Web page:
•

COMMENTARY
In the mere blink of a four-million-year-eye, “cute little bipeds” went from standing up straight to “decoding their own genomes.” Their crocodile tears for the rest of the savanna are exposed for what they truly are in “History of Abuse.”

Has the The Fountain Pen become the “dodo bird” of the twenty-first century, going the way of the book, the handwritten Christmas card, doing math problems in your head, and the walk to Grandma’s house?

Resident TheScreamOnline writer/photographer Larry Lytle talks about The Reconstruction of Time, and how digital editing can create yet new realities to freeze in time.

    •

POETRY
Contributions from Homer Christensen and our own no-moss-on-this-stoned-roller Editor Stuart Vail.

View the Poet Index for access to all poets in every issue.

    •

EPIPHANIES
In “A Year of Epiphanies: The September 11th Effect” Jennifer Prado writes, “My own personal epiphany... occurred when I was reading the tributes in The New York Times for the people who had been lost. One paragraph told the story of a young broker who had planned to propose to his long-awaiting girlfriend the following weekend.” Jennifer’s personal journey took her from Manhattan to rural Brazil to “pursue the dream that had gotten lost in the shuffle.”

    •

QUOTATIONS
A compendium of some of our favorite quips (from Woody Allen to Henny Youngman). This feature will grow with each new issue.

    •

HUMOR
HeBrew, e-Piscopal, foreign signs, the Lone Arranger.... click.

    •

THE STRANGE & BIZARRE
Remember Legos, those addictive little plastic building toys? Here are Lego constructions you won’t see advertised at your toy store.

    •

TECHNOLOGY
Can’t see enough of a web page? Increase your browser’s viewing area.

BOOK SHELF
Want some suggestions for good reading? Check out TheScreamOnline Bookshelf.

LINKSSITE MAPSPLASH PAGE GALLERYDOWNLOAD

When once the itch
of literature
comes over a person,
nothing can cure it
but the scratching of a pen.
—Samuel Lover

While we are asleep in this world,
we are awake in another one.
— Salvador Dali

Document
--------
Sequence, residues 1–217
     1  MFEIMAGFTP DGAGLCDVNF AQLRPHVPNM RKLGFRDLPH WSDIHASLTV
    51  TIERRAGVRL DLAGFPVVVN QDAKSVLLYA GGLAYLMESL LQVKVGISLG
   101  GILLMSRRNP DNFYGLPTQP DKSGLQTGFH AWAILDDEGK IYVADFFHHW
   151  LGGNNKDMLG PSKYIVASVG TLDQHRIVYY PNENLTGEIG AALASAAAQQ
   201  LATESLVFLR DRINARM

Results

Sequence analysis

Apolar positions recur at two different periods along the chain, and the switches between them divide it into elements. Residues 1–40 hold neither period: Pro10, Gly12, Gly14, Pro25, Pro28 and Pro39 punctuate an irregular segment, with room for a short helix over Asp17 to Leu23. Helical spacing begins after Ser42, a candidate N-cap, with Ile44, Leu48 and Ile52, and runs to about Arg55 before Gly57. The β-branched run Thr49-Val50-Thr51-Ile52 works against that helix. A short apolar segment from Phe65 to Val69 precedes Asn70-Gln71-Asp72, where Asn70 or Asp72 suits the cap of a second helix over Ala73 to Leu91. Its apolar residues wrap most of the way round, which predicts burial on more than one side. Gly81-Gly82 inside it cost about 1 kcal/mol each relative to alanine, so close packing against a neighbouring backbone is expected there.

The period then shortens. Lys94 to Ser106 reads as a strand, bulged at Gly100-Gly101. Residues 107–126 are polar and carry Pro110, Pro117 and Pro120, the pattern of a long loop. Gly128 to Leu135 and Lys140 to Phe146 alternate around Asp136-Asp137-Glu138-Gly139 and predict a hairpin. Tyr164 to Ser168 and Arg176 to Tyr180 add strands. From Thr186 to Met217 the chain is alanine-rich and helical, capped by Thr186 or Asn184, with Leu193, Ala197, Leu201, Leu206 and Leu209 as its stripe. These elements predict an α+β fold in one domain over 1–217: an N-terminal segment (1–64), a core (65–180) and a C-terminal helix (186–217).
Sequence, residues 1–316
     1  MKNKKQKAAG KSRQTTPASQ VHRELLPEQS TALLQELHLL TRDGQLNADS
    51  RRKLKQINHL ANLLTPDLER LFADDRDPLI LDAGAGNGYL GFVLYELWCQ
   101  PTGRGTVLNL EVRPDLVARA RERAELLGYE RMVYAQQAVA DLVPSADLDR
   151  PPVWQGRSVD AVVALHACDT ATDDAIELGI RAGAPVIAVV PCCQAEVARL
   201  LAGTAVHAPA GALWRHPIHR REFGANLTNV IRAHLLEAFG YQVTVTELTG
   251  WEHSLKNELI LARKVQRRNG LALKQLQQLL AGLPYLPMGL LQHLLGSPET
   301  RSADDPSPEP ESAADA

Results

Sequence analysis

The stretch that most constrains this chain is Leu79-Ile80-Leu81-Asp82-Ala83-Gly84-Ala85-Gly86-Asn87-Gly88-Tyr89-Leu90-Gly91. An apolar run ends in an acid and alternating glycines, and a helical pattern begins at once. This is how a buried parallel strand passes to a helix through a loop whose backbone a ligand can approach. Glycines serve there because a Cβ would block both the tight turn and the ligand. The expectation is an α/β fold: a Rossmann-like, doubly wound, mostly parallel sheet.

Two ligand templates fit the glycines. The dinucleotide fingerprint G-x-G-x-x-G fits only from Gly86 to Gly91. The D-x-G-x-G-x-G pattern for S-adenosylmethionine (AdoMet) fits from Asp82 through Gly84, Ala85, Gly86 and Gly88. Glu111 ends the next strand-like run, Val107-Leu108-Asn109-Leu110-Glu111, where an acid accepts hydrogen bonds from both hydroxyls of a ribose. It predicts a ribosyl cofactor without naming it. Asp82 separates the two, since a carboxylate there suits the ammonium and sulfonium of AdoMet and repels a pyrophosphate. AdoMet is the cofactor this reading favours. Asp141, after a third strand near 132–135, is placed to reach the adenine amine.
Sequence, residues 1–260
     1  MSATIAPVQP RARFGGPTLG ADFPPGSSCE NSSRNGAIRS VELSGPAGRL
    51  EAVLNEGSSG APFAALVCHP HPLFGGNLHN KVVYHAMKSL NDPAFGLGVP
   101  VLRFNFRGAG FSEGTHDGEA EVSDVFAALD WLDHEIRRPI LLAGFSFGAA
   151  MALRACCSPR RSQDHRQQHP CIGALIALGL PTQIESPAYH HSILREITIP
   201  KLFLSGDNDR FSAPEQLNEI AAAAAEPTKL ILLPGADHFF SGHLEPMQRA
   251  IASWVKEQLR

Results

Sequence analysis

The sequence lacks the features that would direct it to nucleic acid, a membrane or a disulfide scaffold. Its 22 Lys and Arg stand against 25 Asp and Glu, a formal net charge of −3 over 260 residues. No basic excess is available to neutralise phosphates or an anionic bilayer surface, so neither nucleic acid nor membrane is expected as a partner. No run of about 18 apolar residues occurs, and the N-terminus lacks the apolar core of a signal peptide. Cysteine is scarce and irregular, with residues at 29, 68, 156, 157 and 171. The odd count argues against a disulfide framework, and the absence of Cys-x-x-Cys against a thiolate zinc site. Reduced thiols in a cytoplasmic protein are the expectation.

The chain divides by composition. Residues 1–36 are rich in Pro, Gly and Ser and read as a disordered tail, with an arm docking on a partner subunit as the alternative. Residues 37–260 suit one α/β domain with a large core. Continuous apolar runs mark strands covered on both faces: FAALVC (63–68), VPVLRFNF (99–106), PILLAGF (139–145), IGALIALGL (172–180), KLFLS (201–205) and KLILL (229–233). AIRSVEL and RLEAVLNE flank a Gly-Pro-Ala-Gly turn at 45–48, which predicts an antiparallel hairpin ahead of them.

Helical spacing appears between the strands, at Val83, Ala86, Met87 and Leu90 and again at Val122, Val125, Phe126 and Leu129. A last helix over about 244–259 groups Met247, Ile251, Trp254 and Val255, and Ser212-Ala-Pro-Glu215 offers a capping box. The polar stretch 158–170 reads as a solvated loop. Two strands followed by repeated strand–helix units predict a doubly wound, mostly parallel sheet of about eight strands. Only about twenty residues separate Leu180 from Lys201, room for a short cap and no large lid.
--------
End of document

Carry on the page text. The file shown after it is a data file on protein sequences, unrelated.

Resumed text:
If you can remain calm,
you just don’t have all the facts.
—Anon

I have discovered that
I cannot burn the candle
at one end and
write a book with
the other.
—Katherine Mansfield

And, one more:

“Fame—that public demolition of someone who is in the process of becoming,
whose building-site the mob breaks into, knocking down his stones.”
—Rainer Maria Rilke

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The Fine Print

Publisher/Editor-in-Chief:
Stuart Vail

Contributors:
Dave Archer • Sam Balcomb • Mary Balcomb • Blaise Bellew • Rich Carter
Robin Davis • Homer Christensen • Adriana de Barros • Michael Depraida
Dean Eliasen • Chad Estes • Steve Fritz • Heather Gallagher • Scott Harding
Ashley Hathaway • Stefanie Herzer • Edward King • Jeanie Lytle • Larry Lytle
P.M. • Andrea Mangini • David McHugh • Jennifer Prado • Chris Recek
Bob Richardson • Kendall Roclord • Christopher Schardt • Frederick Schultz
Sara K. Schwittek • Matthew Stief • Steven Stone • Brian Taylor
Stuart Vail • Martijn Visser • Joanne Warfield • Rob Woutat

Correspondence:
stuart*AT*thescreamonline.com
(replace the *AT* with @)

"Mailboxes" & "Cody Sleeping" ©2001 Mary N. Balcomb

Splash page art: "Masks" ©2003 Stuart Vail
"Fire and Ice" (top of this page) ©2001 Joanne Warfield

Art Direction & Site Design: Vail Graphics
Creative Consultant: Joanne Warfield

The ScreamOnline logo, images, and written material are
©2001, 2002, 2003 Stuart Vail unless stated otherwise.
All artists and writers retain their own copyrights.
The copying or distribution of any material for commercial gain
is strictly prohibited unless authorized by the webmaster.
• All Rights Reserved •

Disclaimer: While we applaud innovative ideas and concepts, opinions expressed by articles in TheScreamOnline do not necessarily reflect those of the publisher, staff, or anyone connected with the magazine. We fully respect those who have an opposing point-of-view and welcome any feedback by concerned readers who wish to communicate accordingly. Vive le difference!

TheScreamOnline regretfully cannot accept
unsolicited submissions of any kind.

Publication in this magazine is by invitation only.